Swedish filmmaker Daniel Espinosa brings a gripping tale to life in the 2012 CIA operative action thriller ‘Safe House.’ The story revolves around Matt Weston, a low-level CIA official stuck in housekeeping duty in far-flung Cape Town. However, along comes a compelling case that would turn Matt’s life upside down. A group of CIA agents delivers a package to the titular safe house where Matt works; the package contains CIA agent turned wanted criminal Tobin Frost.
Initially, Matt believes the story that the CIA feeds him, but probing further into the mayhem, Matt realizes that Tobin Frost is not the person they claim him to be. Denzel Washington and Ryan Reynolds sway in the buddy cop dynamic. However, you may wonder if there is any grain of truth in this conspiracy-tinted drama. In that case, let us investigate the matter.
Is Safe House a True Story?
No, ‘Safe House’ is not based on a true story. Although the dynamic between the cast ensemble lends the movie some realism, CIA turned international criminal Tobin Frost is indeed a fictional character conjured for the film. Swedish filmmaker Daniel Espinosa directed the film from a script penned by David Guggenheim. Guggenheim wrote the script while managing a day job as an editor at ‘US Weekly.’ The screenplay was complete by 2010, and it was featured in the 2010 Blacklist – a list for the most loved unmade scripts. The movie, however, would not release until 2012.
But taking the trouble was seemingly worth it, as the film became the highest-grossing flick ever made by a Swedish director. The story was initially set in the favelas of Rio de Janeiro, but security concerns prevented them from filming in the location. They also thought of Argentina as a viable alternative but finally decided to set the movie in South Africa. The region was integrated into the story, and most of the shooting was carried out in actual locations and not studio setups. This decision by the director and his team lent the movie some unmistakable realism while showcasing the region’s vibrant culture.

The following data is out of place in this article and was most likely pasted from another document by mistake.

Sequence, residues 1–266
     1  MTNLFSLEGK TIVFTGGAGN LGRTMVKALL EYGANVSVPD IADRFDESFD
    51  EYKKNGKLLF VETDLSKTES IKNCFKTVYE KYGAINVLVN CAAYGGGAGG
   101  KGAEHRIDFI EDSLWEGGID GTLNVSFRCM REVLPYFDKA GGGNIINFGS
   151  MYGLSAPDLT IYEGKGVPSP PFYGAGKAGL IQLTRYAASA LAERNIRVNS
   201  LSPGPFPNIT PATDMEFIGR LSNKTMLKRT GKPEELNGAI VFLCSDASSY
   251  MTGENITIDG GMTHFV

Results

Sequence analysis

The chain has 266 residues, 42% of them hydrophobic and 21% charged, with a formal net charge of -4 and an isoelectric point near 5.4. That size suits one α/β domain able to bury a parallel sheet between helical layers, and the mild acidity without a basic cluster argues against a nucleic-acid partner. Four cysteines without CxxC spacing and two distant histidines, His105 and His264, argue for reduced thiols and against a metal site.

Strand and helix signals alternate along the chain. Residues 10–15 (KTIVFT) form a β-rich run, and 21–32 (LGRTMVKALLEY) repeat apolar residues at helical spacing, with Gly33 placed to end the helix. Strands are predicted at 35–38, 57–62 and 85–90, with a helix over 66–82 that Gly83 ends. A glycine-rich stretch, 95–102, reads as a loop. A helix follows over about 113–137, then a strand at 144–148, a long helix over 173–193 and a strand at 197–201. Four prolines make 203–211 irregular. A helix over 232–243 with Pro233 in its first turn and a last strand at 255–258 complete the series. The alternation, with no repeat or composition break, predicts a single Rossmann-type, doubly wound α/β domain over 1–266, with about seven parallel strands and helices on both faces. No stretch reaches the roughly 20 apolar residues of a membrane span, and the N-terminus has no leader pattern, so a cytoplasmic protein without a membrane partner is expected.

Tobin Frost creates a diversion at the Cape Town Stadium in a memorable sequence and flees from Matt’s custody. The scenes were filmed during an actual football match between Orlando Pirates FC and Ajax Cape Town. While speaking to the policemen in the stadium, Ryan Reynolds uses Afrikaans, which adds another layer of realism to the story. Afrikaans is a creole language that developed under colonialism in the southern region of Africa. Today, Afrikaans is the official language of the country. Therefore, making Reynolds’ character speak Afrikaans indicates the screenwriter’s minute attention to detail.
Choreographing the fight sequences was somewhat challenging. The director and his team were reportedly inspired by the action sequences from the 2008 action thriller ‘Taken.’ An early sequence was also inspired by John Sturges’ World War II movie ‘The Great Escape.’ In a scene, Matt tosses the ball over and over against the wall, presumably out of boredom, just like the character Hilts (Steve McQueen plays with a characteristic debonair) in the earlier movie. Apart from the major cast ensemble, Robert Patrick delivers an impactful performance in the role of Daniel Kiefer.
In a nod to Patrick’s menacing (and somewhat liquid) character in ‘Terminator 2: Judgement Day,’ the director made him come out of the elevator the way he did in the iconic role of T-1000. The waterboarding scene is another memorable sequence early in the movie. Denzel Washington did not use a double for these scenes – he was actually waterboarded. However, he was only submerged underwater for a few seconds per shot to avoid health hazards. The other CIA protocols and procedures shown in the movie are also kept realistic. So, considering everything, the film is quite well tethered to reality, even if its scope is entirely fictional.
Read More: Where Was Safe House Filmed?